Right now, I'm wearing really mis-matched work-out clothes (complete with blue and orange argyle socks, and two different shades of lime green). I feel gross and sweaty. I also feel great, because I just finished a good workout.
You won't see me post a picture of myself in this state anywhere on social media.
This weekend, on Saturday, I was wearing a fantastic dress my mom made for herself shortly after she married my Dad. I had the perfect jewelry to complement it. I felt like a million bucks, as they say.
You didn't see me post a picture of myself in that state anywhere on social media either.
While I do post a lot, and I mean a LOT, of pictures of the world around me, I post "selfies" very rarely. In fact, I used to joke about posting an "annual selfie."
I also rarely post pictures of myself in general - "group selfies," so to speak.
A friend recently shared this link on Facebook, and it resonated with me.
I don't know anything about this girl, or if I would agree with anything else she's ever said, but my heart responded to "I guess this is human nature to give feedback on our appearances..." and "Easiest way to [cater to the Facebook algorithm]? Share pictures of my face, body and things based on my appearance."
I immediately knew she was right. Despite the infrequency of selfies I post, I have noticed that I get considerably more likes on them than almost anything else I post. This alone has been disturbing to me, so I decided to do a little research on my own Facebook profile:
Since March, the average amount of likes on any picture that I've posted, which features my face, body, and/or things based on my appearance is 19.
The average amount of likes on any other picture I've posted is 10.
There is something wrong with this.
I've never been sure how to put my thoughts on selfies into words, but this experience helped me to process through some of them at least.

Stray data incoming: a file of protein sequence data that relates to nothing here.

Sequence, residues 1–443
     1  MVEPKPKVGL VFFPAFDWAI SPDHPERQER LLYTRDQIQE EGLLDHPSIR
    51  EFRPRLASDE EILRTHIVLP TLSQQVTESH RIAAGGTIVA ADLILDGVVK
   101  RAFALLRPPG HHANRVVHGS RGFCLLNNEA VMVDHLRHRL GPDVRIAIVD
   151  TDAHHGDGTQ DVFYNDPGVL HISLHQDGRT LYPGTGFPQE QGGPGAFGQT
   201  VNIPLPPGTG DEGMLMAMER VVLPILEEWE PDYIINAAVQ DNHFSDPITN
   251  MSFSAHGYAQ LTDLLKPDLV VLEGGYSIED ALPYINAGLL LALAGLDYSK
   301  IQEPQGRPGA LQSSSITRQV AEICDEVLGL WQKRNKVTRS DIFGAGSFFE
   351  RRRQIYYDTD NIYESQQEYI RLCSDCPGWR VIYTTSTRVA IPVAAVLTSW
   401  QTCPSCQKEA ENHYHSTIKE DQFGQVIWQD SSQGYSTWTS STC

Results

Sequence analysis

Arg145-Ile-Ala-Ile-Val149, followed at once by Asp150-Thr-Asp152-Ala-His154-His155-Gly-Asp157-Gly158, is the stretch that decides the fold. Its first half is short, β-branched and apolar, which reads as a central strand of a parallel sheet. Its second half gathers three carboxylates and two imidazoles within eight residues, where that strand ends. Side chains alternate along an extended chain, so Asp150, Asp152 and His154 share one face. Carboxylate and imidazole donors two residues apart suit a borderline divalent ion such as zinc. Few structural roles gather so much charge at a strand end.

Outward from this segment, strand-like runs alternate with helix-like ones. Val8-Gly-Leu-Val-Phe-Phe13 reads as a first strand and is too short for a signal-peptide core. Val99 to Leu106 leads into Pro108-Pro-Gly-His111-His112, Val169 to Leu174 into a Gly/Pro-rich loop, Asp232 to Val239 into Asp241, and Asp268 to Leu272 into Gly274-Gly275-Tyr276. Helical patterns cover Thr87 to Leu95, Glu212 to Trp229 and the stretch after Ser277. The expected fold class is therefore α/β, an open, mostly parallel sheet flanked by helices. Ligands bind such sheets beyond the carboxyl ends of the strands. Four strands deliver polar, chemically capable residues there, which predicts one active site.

I haven't struggled much at all with insecurity about my appearance, and I am so so so thankful for that.
I am just as affected by "likes" on my pictures as is the next person. I'm not proud of that.
I find myself obsessively checking to see if anyone has liked the latest thing I posted, and I also find myself obsessively making every picture of anything "perfect" so as to appeal to the most people.
Let's just be honest, maybe there are a few people in the world who don't make their selfies "perfect" before posting them, but in reality, most of those nonchalant look-at-me-all-sweaty-and-smiling-after-a-great-workout pictures were taken from something like 12 slightly different angles and sent through at least 5 different filters before they were posted. And the same goes for the perfectly posed look-at-me-all-gussied-up-and-celebrating-my-friend's-birthday pictures.
You guys! If I analyzed pictures of myself as much as I analyze my other pictures, or even as much as other people presumably analyze their selfies, I'd go insane, and probably start having all those insecurities I just established that I am grateful to live without.
No thanks. I'd prefer not to open Pandora's Box.
It is indeed human nature to give feedback on our appearances, and I think (hope?) maybe a lot of the likes on selfies are simply an acknowledgement of bravery, because it is seriously brave to post a close-up picture of yourself on the internet for everyone to see, regardless of how many re-takes you took.
But we are so so so much more than just what we look like, and I personally kinda like who I actually am outside of my appearance. I also kinda hate the idea of people deriving their worth from how much other people like the way they look. I try to be careful about what I "like" from people, and what I complement them on in real life. Yeah, I tell people when they look beautiful, or that I like their clothes, but I try to also tell them how beautiful their heart is, or how much I love the way they smile at strangers on the street.
Personally, I don't want to be known for how I look, but for how I look at the world around me.
1 year ago